The T22 steel with ∼2.25 wt% Cr under steam oxidation shows the formation of three oxides at high temperature [11]. The presented results indicate the formation of thick oxide scales consisting Fe2O3 (hematite), Fe3O4, (magnetite), and FeO (wustite). The formation of all three oxides is expected under steam oxidation conditions. Under 1 bar pressure, the oxygen partial pressure from the equilibrium dissociation of steam is high enough (two orders of magnitude higher) than the dissociation oxygen partial pressure required for Fe2O3 oxide [12]. Hence, development of thick scale is more than expected on steels belonging to ferritic family with GRADES 11, 22, 23, and 24. The Cr reservoir in such steels was not concentrated enough to form thin protective scale. Ferritic steels with low concentration of Cr at temperatures above 580°C are covered predominantly with thick scales containing three types of oxides. Below 570–580°C formation of FeO is was not possible since the oxide is unstable. Hence, the steels exposed in steam environment below 580°C present much thinner oxide scale consisting Fe2O3 and Fe3O4 with diffused concentration of other elements such as Mn, S, and Cr. The total concentration of these elements rarely exceed 7 wt%. Voids were observed only at 675 and 725°C T22 steels, suggesting the highest rate of diffusion in both directions at these temperatures. The voids appear to be located at the original steam—substrate interface, suggesting two different mechanism of oxidise scale formations, the mechanism consider outward and inward diffusion of iron and oxygen ions, respectively. Some authors postulate that oxide scale on low ferritic steels grows by the outward diffusion of Fe [13], because Fe diffusion coefficient in iron oxides is much higher than that of oxygen [14]. Some authors, postulated, inward diffusion of oxygen, due to accelerate diffusion of oxygen throughout the grain boundaries [15]. The mechanism of voids formation has different variety that depends on author and scientific approach; in this chapter, the mechanism of void formation can be formulated in the following way: consider the diffusion couple between A (Fe3O4+Fe2O3 top layer) and B (Fe3O4+FeO+Cr bottom layer) in Figure 4C and 4D, respectively. Both of these layers constitutes with different phases, showing different chemical potential, different ion flux, diffusion and number of defects giving different diffusion fluxes J. Since the diffusion fluxes are different, there will be a net flow, causing the couple to shift bodily. This can only occur if diffusion is by a vacancy mechanism between two layers (A and B). It should be noted that voids are formed at the original steam—substrate surface interface. Quadakkers et al. [16] showed that the voids formation can be observed on the ferritic oxide scale after long‐term exposures that can be unevenly distributed or can coalesce to form a crack or a gap at the interface between the inner and outer layer. The formation of pores in the oxide scale may create significant consequences for mechanical and thermal properties. The low‐alloyed ferritic steels developed thick oxide, originated from the phase structure and defects number within the crystallographic structure of the individual oxide. At temperatures above 570°C, FeO phase become stable under steam oxidising conditions; hence, oxide scale possesses three layers at temperatures above 570°C. For better clarity, and better understanding, Figure 5 shows iron oxide phase stability at high temperatures [17].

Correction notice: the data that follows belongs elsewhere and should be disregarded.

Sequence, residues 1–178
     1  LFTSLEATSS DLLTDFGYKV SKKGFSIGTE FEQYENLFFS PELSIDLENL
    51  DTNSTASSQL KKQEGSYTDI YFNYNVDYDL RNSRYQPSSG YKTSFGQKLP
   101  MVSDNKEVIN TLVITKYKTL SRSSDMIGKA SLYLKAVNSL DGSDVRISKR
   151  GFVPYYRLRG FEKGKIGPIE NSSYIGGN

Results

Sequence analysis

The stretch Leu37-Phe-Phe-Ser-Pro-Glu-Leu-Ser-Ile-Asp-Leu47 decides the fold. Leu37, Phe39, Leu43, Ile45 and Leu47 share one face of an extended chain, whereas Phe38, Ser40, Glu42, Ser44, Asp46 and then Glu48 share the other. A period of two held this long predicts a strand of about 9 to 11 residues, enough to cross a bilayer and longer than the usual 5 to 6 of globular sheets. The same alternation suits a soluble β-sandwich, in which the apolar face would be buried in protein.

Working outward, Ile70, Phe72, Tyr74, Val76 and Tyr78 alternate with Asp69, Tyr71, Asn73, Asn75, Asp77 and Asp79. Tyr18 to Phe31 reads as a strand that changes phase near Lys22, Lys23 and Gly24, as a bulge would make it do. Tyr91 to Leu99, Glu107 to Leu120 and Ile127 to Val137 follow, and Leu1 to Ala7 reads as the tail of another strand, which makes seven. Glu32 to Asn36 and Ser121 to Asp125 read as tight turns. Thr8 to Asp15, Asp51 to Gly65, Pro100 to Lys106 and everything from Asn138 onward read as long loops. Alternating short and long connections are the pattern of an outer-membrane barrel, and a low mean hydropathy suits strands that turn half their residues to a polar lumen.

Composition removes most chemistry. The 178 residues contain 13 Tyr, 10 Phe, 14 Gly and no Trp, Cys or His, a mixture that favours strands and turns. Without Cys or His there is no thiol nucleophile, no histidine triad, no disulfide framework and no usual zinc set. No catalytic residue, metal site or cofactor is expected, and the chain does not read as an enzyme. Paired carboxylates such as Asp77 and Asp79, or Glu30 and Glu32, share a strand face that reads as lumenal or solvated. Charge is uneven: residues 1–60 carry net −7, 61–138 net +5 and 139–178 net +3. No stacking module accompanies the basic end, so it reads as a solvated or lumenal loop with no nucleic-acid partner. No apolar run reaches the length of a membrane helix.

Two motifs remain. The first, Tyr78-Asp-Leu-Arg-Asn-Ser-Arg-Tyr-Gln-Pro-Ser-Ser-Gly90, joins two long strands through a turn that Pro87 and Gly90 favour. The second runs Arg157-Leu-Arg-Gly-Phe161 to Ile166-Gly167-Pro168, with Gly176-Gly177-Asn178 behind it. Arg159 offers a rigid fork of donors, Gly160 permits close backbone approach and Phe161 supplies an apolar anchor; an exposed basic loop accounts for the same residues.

The stability of FeO depends on two main factors, namely temperature and Cr concentration. The presence of FeO, in the oxide scale, dramatically accelerates thickness of the scale since the phase has higher Fe3O4 number of interstitial defects (support iron ion diffusion). Iron vacancies in FeO are responsible for the defects [18]; however, in Fe3O4, the main defects are localised in iron sublattice, neutral iron interstitials at low oxygen activity, and neutral iron vacancies at high oxygen activity. In Fe2O3, majority of the defects can be found in the oxygen sublattice than in iron sublattice. Generally, ferritic steels form multilayered scale [19], where predominantly Fe3O4 and FeO forms together with a thin layer of Fe2O3 can be observed. In steels with low Cr content, a thin layer enriched in Cr can be observed, some authors suggest formation of iron chromium spinel FeCr2O4 [20]. The findings are rather questionable since the concentration of Cr in the steels reaches 2–3 wt%, whereas development of iron‐chromium spinel FeCr2O4 requires much higher concentration of Cr in bulk steel. Chemically, FeCr2O4 spinel should contains around 46 w% Cr, 25 wt% Fe, and 29 wt% O. The low‐alloyed steels, due to low concentration of Cr in bulk steel, are unable to deliver through outward diffusion, showing that high concentration of Cr need for FeCr2O4 spinel development. In the case of low‐alloyed steels, Cr‐enrichment layer was formed with poor corrosion resistance. Formation of spinel as suggested by [11] should significantly decrease corrosion degradation because FeCr2O4 spinel possesses much lower number of defects, hence higher corrosion resistance than Fe3O4 and FeO phases. Similar to T22, the T23 steel with the addition of W, V, and Nb was introduced to achieve enhanced creep behaviour at higher temperatures [21] compared to T22 steel. In contrast to Lepingle et al. [22], it was found by T. Dudziak et al. [23] that the T23 steel showed a better corrosion resistance than that offered by the T22 steel. A slightly better corrosion resistance of the T23 in comparison with T22 can be related to W addition, when added, W through the chemical reaction with C, forms WC carbide: